Everyone loves Chipotle. People cannot get enough Chipotle. Chipotle is killing it. Throw some humanely raised pork and brown rice in a huge gummy tortilla, top it with the tomato salsa and that other salsa with the corn — always get the one with the corn — spend the extra $2 or whatever on guac, wrap that baby up in some foil, and you’re good to go. Walk by any Chipotle at like one o’clock in the afternoon and you will see a line of customers snaking all through the store, reading their iPhones and each waiting to spend $10 on a burrito, or a bowl, or maybe one of the salads with the good dressing. Whenever a new Chipotle opens, the burrito-bowl-craving hordes queue up accordingly. Chipotle can do no wrong. And this is not good news for McDonald’s, which today had to let the world know that people just don’t like McDonald’s all that much anymore.
Don’t think that’s true? Here is a sampling of headlines from today:
•Tough U.S. rivalries, China food scandal pound McDonald’s
•McDonald’s earnings ugly; shares fall
•McDonald’s profit plunges in third quarter
•5 Problems McDonald’s Is Facing in the US
•McDonald’s Profit Plunges on U.S., China Woes
They all hit at once because McDonald’s released its latest quarterly earning report, and as you can surmise, it wasn’t great. Now, granted, let’s clarify what constitutes “ugly” earnings for McDonald’s. Here’s The Wall Street Journal: “McDonald’s reported a profit of $1.07 billion, or $1.09 a share, for the third quarter, compared with $1.52 billion, or $1.52 a share, a year earlier.” So, they made a billion dollars, but it’s a lot less than they wanted to make. What’s the problem?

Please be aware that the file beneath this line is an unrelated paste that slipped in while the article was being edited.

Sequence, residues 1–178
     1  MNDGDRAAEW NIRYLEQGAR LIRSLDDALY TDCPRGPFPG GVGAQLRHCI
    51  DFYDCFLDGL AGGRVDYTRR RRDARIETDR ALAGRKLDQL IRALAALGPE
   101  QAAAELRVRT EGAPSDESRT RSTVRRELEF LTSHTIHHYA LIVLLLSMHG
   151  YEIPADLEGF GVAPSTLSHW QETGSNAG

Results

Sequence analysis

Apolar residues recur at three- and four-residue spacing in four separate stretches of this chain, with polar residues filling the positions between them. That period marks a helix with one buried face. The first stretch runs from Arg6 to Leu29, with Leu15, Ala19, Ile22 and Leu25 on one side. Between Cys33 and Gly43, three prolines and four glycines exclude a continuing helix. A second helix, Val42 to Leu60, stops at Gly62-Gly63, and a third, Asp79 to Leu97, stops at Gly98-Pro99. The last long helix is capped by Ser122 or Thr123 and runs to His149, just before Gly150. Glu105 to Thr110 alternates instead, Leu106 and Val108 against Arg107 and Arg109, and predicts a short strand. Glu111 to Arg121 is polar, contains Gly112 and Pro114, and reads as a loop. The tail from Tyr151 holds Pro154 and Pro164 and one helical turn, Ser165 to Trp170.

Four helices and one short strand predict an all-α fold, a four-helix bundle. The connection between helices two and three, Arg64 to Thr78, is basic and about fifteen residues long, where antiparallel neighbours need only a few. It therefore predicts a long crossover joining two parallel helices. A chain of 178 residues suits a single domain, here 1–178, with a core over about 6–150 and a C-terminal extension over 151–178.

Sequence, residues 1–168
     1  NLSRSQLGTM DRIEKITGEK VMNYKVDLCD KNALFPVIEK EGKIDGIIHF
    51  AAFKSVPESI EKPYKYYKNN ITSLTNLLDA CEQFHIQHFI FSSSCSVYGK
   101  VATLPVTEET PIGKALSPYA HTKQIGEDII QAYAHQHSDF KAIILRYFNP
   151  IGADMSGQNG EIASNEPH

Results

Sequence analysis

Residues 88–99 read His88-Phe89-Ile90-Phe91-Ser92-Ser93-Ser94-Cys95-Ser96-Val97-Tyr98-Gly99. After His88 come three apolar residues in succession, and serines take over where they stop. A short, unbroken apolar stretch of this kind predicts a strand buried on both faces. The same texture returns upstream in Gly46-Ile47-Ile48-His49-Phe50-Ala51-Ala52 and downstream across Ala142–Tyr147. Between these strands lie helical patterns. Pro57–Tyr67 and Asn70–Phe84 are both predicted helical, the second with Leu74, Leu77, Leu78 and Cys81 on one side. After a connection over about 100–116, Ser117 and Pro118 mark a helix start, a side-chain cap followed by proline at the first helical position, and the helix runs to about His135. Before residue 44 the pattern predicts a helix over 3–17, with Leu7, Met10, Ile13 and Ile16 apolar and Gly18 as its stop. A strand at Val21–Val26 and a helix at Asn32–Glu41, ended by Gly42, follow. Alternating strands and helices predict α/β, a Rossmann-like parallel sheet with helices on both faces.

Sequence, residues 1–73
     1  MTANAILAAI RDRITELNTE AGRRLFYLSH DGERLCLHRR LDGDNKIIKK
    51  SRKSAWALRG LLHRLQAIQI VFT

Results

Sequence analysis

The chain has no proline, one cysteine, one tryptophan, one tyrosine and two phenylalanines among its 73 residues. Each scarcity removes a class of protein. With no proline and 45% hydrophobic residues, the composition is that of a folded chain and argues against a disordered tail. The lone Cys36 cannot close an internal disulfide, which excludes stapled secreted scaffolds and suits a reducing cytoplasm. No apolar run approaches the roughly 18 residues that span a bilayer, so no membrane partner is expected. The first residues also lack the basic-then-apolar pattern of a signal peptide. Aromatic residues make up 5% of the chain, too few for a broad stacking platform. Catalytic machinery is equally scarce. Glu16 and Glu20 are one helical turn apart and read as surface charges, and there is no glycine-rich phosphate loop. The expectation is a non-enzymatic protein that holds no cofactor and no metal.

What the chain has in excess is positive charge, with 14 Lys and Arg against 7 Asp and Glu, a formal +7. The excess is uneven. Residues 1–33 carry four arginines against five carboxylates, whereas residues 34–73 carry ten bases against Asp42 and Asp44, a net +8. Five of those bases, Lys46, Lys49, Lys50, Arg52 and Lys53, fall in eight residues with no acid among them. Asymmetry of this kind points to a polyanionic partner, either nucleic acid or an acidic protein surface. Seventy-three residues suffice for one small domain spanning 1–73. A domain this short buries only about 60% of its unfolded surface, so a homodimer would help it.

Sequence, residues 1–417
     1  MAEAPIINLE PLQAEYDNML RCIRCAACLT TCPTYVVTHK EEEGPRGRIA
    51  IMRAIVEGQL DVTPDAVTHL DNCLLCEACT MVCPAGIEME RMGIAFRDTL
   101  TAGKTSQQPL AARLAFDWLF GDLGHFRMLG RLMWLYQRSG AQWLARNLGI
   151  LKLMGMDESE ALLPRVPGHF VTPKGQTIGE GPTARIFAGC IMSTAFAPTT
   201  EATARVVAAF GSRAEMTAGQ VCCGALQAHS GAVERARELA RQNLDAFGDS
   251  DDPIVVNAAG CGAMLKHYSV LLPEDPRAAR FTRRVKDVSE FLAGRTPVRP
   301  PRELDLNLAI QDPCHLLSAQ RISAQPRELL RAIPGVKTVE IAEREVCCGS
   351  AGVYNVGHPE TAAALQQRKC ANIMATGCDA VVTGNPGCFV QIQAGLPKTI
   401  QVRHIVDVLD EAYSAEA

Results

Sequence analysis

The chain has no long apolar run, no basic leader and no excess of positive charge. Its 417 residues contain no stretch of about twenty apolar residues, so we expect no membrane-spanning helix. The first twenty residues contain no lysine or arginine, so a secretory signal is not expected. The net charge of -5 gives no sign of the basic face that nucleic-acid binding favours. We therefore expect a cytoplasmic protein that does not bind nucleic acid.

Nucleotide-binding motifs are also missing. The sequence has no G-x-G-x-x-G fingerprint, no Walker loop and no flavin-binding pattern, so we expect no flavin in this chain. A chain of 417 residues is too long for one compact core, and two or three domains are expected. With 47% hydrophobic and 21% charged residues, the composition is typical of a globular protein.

In today’s report, the chain makes clear that it can’t attract “younger” customers, a.k.a people in their 20s who aren’t yet old enough to have given up on life. Those customers are all about the fancier chains:
Demographics help shed light on McDonald’s woes. Data compiled for The Wall Street Journal by restaurant consultancy Technomic Inc. point to an age problem for the chain. Customers in their 20s and 30s—long a mainstay of McDonald’s business—are defecting to competitors, in particular so-called fast-casual restaurants like Chipotle Mexican Grill Inc. and gourmet-burger chain Five Guys Holdings LLC.
How well are things going for Chipotle? Revenue is up 31 percent and the all-important same-store sales (which compare a shop’s performance to its performance a year earlier) increased about 20 percent. (Same-store sales at McDonald’s were down 3 percent.) Chipotle executives probably toasted the news with a round of those Patrón margaritas they have at some of the stores.
Over at McDonald’s, though, they’ve got to figure this business out before it gets too late. So they’ve laid out a whole boring plan for how they’re going to do that: Get ready for “technology enhancements to improve the look, feel and convenience of the McDonald’s experience,” “a global strategy built around simplifying the customer journey across ordering, payment and mobile offers,” and “a revamped marketing approach that links national messaging around our food quality, brand transparency and people initiatives” (told you it was boring).
All of which is to say: They’re going to keep selling the same dumb burgers but now you can pay for them with your phone.